When Ralph begins to lose his control, Jack becomes the leader of they young boys. With the Id being in control, there is no reliable ego and the civilization on the island starts to break down. Jack is only worried about power and instant gratification; he doesn’t feel anything for other people and feels only a need to hunt and absolutely nothing else. He triggers continuous condition on the island by appealing the rest of the kids with the lure of meat and searching while tossing survival and the opportunity of being rescued aside. His desire for power is overwhelming and he has no accord for Ralph’s authority. When Piggy is killed, Jack says to Ralph “That’s what you’ll get! I implied that! There isn’t a tribe for you anymore! The conch is gone-” (181 ). He feels absolutely nothing when Piggy is he eliminated and would do anything for the power he obtains. When the conch is destroyed and the young boys start to become uncivilized, the Id becomes the prominent personality type.
Piggy tries to stand up for the guidelines that he was taught to think in and to the Id as the Superego. Piggy sees the conch as order on the island and believes it ought to be respected, he shows this when he says “I got the conch … You let me speak” (42 ). When the boys let the fire go out of control, he makes an effort to inform everyone that they were wrong for letting that take place which they also let one of the little’ uns get away. He continuously challenges the Id and attempts to stand up for what he believes to be right. The balance in between his ideas and Jack’s likewise helped to keep the island stable but when Piggy was eliminated, the Id ends up being dominant and the boys begin to lose control.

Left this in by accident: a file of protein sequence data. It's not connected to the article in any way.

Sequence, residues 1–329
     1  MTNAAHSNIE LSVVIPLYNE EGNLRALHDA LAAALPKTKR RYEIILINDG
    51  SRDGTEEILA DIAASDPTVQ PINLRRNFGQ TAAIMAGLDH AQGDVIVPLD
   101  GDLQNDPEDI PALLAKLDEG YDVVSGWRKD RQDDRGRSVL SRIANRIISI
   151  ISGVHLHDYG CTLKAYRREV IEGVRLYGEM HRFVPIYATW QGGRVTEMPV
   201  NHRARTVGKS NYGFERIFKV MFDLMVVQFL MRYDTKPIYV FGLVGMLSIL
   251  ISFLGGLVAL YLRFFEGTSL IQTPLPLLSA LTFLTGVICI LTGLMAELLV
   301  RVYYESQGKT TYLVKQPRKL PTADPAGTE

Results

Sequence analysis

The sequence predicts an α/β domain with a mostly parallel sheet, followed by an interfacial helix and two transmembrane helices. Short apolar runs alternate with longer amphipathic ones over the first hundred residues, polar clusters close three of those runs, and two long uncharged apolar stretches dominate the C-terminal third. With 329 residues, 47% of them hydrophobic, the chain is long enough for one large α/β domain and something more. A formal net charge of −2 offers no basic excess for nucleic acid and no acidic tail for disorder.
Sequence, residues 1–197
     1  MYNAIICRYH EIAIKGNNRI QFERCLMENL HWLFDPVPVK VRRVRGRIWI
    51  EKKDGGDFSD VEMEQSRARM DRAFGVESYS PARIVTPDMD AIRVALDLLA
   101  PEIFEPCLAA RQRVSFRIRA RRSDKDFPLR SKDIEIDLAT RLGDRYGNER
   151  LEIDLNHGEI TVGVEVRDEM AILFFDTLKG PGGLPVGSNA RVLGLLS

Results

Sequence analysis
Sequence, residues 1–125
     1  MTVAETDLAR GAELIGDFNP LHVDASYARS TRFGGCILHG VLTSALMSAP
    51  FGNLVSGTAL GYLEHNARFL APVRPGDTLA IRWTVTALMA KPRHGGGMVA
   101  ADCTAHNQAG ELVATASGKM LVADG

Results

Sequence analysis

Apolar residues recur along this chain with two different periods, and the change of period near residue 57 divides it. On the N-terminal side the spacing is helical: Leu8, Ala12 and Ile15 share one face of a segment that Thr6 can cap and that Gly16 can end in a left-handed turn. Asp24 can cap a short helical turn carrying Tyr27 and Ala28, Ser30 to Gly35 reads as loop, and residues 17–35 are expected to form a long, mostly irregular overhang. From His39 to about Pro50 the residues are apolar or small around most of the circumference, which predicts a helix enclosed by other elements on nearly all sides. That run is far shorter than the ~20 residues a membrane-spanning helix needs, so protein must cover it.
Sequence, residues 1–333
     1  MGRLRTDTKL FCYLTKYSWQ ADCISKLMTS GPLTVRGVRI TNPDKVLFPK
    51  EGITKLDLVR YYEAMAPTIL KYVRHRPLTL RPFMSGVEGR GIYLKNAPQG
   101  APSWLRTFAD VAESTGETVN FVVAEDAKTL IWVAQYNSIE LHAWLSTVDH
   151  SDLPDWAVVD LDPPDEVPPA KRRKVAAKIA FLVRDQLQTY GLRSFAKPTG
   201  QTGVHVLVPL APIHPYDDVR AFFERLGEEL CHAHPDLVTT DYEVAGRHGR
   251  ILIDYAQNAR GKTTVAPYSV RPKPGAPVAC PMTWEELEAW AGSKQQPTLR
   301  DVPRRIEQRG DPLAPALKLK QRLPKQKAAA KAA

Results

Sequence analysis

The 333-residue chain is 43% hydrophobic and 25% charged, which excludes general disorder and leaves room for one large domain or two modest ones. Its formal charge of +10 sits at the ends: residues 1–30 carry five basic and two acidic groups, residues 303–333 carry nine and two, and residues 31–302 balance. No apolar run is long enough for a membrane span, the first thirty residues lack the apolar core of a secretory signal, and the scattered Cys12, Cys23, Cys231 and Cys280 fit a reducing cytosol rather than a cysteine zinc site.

With Ralph being the balance between Jack and Piggy, he is determined as the leader when the kids first show up on the island but as time passes the young boys start to end up being more uncivilized. The lack of a genuine authoritative figure or an adult figure triggers the boys to lean more towards the Id. When this occurs, the kids begin to follow Jack since he offers pleasure principle in the form of hunting and meat. Jack seems to be able to do anything for his power. Jack’s resistance to morals and control cause Piggy’s death and the damage of the conch. When Piggy passes away, there no longer is a Superego on the island and the balance in between them is broken. Ralph is not dominant enough as an Ego to keep the island civilized. This permits Jack and the Id to take control of the young boys and the island, and this causes the breakdown of civilization.